The Java EE 6 Tutorial

Propagating a Security Identity (Run-As)

You can specify whether a caller’s security identity should be used for the execution of specified methods of an enterprise bean or whether a specific run-as identity should be used. Figure 26–2 illustrates this concept.

Figure 26–2 Security Identity Propagation

Diagram of security identity propagation from client
to intermediate container to target container

In this illustration, an application client is making a call to an enterprise bean method in one EJB container. This enterprise bean method, in turn, makes a call to an enterprise bean method in another container. The security identity during the first call is the identity of the caller. The security identity during the second call can be any of the following options.

Configuring a Component’s Propagated Security Identity

You can configure an enterprise bean’s run-as, or propagated, security identity by using the @RunAs annotation, which defines the role of the application during execution in a Java EE container. The annotation can be specified on a class, allowing developers to execute an application under a particular role. The role must map to the user/group information in the container’s security realm. The @RunAs annotation specifies the name of a security role as its parameter.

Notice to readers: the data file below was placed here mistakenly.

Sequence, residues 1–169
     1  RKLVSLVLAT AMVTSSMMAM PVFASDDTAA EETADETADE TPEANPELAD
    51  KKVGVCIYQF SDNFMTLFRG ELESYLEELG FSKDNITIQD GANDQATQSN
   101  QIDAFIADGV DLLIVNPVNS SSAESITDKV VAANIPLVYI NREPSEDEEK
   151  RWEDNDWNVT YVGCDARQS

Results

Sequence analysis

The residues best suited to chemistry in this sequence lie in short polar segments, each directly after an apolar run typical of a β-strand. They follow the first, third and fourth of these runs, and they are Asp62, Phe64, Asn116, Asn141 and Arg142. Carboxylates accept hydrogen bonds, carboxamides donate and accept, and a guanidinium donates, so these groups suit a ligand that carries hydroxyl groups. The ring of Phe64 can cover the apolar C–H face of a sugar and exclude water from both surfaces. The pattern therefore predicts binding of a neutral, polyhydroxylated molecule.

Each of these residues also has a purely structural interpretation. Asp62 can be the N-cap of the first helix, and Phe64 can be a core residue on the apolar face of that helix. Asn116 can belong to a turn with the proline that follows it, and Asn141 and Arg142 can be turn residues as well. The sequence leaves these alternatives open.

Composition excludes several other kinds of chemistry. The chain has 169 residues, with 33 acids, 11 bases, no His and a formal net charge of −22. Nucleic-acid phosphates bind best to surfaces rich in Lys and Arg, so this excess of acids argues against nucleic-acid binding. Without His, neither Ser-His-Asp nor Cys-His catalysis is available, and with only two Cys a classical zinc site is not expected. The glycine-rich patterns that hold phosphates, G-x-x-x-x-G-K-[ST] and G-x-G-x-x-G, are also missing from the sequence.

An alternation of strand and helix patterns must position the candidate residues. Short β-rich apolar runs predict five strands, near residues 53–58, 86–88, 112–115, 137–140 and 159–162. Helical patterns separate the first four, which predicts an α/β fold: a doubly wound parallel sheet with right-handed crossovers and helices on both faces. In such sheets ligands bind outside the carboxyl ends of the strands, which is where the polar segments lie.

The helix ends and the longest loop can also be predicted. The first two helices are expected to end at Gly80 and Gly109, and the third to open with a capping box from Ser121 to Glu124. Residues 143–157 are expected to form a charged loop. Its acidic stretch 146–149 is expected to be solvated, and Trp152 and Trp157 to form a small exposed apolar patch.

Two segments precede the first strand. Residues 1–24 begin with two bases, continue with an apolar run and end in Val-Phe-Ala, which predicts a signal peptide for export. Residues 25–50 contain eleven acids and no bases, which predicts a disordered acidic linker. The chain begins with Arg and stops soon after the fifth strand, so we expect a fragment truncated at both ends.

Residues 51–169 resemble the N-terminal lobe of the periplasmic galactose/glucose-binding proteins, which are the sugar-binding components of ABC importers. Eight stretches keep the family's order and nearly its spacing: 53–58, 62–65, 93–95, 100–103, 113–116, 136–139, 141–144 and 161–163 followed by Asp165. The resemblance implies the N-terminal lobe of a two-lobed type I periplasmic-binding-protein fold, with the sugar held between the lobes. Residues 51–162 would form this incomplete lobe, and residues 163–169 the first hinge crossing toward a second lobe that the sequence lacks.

Here is some example code that demonstrates the use of the @RunAs annotation.

public class Calculator {

You will have to map the run-as role name to a given principal defined on the GlassFish Server if the given roles are associated with more than one user principal.

Trust between Containers

When an enterprise bean is designed so that either the original caller identity or a designated identity is used to call a target bean, the target bean will receive the propagated identity only. The target bean will not receive any authentication data.

There is no way for the target container to authenticate the propagated security identity. However, because the security identity is used in authorization checks (for example, method permissions or with the isCallerInRole method), it is vitally important that the security identity be authentic. Because no authentication data is available to authenticate the propagated identity, the target must trust that the calling container has propagated an authenticated security identity.

By default, the GlassFish Server is configured to trust identities that are propagated from different containers. Therefore, you do not need to take any special steps to set up a trust relationship.